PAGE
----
Group Facilitation Denver

GROUP FACILITATION AND MEDIATION – A Few Words about Neutrality, Part III

To finish the discussion about mediator neutrality (or impartiality – an equivalent term for purposes of this discussion), I’d like to discuss how a conflict resolution professional might react when his neutrality is challenged during a long-term, multi-party mediation or facilitation. This has happened to me more than once doing environmental/public policy work. These challenges have been made, for the most part, for strategic reasons. Simply withdrawing from the case was never really an option (as one might do for a limited, one-meeting case).

In many complex, multi-party mediations, one or more of the parties are fighting a delaying action and do not want the negotiations to result in a compromise or consensus agreement. They want the other side to lose, pure and simple. If the mediator has to deal with complicating factors (beyond simply managing productive meetings), the process will become more cumbersome, it will slow down and may ultimately stall from its own inertia. One complicating factor is an accusation that the mediator is biased toward one side of the dispute or another. Such an accusation may be made to the other members of the group, to the mediator’s superiors and, perhaps most seriously, to the press. Any mediator who wishes to continue facilitating the group’s discussions must respond effectively to the challenge without actively engaging the party making it.

I’ll start with the challenge to the group. Since I spent several years as a neutral who was paid by County government, parties sometimes charged me with advancing the county planning agenda. The county and I had anticipated this situation by putting me outside the chain of command of the planning […]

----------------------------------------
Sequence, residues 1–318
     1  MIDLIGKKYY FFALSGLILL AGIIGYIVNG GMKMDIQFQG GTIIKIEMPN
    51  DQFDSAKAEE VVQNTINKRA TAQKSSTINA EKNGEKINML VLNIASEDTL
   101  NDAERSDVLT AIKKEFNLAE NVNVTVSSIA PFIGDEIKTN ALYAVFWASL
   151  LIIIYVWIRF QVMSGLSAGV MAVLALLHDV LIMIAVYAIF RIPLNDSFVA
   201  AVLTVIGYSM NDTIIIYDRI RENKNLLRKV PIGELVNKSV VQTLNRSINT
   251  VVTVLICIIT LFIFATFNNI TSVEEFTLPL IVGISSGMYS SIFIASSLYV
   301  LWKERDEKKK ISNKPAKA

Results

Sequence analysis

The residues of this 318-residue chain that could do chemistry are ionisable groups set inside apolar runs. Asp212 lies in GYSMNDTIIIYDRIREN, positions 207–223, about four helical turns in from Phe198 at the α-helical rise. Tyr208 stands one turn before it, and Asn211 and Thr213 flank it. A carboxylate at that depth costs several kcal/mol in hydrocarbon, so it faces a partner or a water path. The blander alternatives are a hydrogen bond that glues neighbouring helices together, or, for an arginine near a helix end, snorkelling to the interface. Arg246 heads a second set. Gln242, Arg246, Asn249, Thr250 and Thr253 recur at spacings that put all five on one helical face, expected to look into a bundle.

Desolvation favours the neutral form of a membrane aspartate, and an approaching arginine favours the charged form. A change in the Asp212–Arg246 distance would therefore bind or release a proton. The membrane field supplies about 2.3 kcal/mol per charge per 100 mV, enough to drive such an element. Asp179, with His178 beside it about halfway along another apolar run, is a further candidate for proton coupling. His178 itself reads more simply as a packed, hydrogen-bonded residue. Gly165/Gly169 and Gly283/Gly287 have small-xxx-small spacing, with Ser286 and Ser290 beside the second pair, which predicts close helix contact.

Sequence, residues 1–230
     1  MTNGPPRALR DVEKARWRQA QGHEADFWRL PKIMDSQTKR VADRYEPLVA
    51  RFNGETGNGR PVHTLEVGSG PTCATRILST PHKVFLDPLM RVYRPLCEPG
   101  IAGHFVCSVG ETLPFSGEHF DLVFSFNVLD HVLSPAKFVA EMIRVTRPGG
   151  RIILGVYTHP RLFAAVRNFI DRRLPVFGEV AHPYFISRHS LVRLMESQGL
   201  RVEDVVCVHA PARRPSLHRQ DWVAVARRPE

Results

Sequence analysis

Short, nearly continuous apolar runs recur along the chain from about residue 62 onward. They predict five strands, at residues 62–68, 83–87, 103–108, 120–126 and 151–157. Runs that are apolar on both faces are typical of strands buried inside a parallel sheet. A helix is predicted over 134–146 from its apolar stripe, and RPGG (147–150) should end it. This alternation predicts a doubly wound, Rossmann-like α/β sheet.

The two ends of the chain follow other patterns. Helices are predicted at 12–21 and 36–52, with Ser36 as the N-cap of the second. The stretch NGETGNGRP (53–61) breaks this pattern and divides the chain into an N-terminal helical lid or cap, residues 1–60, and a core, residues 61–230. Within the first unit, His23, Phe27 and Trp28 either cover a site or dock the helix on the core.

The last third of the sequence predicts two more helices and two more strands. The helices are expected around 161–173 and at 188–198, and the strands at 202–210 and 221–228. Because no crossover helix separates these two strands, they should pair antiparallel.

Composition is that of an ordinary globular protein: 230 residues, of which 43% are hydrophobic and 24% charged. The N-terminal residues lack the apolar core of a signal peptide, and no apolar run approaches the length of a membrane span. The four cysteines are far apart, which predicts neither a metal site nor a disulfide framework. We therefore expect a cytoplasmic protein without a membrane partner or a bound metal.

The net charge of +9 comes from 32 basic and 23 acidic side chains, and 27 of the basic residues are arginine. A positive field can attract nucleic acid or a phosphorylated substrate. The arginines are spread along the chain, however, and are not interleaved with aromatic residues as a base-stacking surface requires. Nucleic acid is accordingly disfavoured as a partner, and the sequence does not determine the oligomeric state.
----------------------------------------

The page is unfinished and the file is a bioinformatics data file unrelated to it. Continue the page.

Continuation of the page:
By |May 14th, 2015|Group Facilitation Denver|Comments Off on GROUP FACILITATION AND MEDIATION – A Few Words about Neutrality, Part III

GROUP FACILITATION AND MEDIATION – A Few Words about Neutrality, Part II

To continue the discussion about mediator neutrality (or impartiality – an equivalent term for purposes of this discussion), I’d like to now discuss the parties’ perception of a mediator’s neutrality.

It is always important to have an idea of how the parties view you, the mediator. If they initially view you as a non-neutral person (actually or potentially partial to one of the two or more sides to the dispute), you may be able to overcome this impression and proceed with the mediation – or you may not. Sometimes it is better not to even try.

The easiest of the situations is when you feel very sure the parties will have a bias against you as the mediator. I accepted an EEO mediation case from the U.S. Postal Service. When the paperwork arrived, I noted that the employee bringing the EEO action had a very unusual name (we’ll call him “Mr. X”). Within the last several weeks, I had mediated a small claims case with a party with the same name in another venue. The mediation had not resulted in a settlement, and I had the distinct impression that Mr. X strongly blamed me for that result. So, I called the person who had assigned the case to me. Without revealing any details, I said that I had reason to believe I had recently mediated a case with Mr.X and thought that he might not want me as a mediator again. I requested that Mr. X be asked if he had recently been in a mediation of any type and, if so, would he want that same mediator for his EEO case. As I suspected, when asked the question in that way, he said no, and […]

By |April 18th, 2015|Group Facilitation Denver, Mediation|Comments Off on GROUP FACILITATION AND MEDIATION – A Few Words about Neutrality, Part II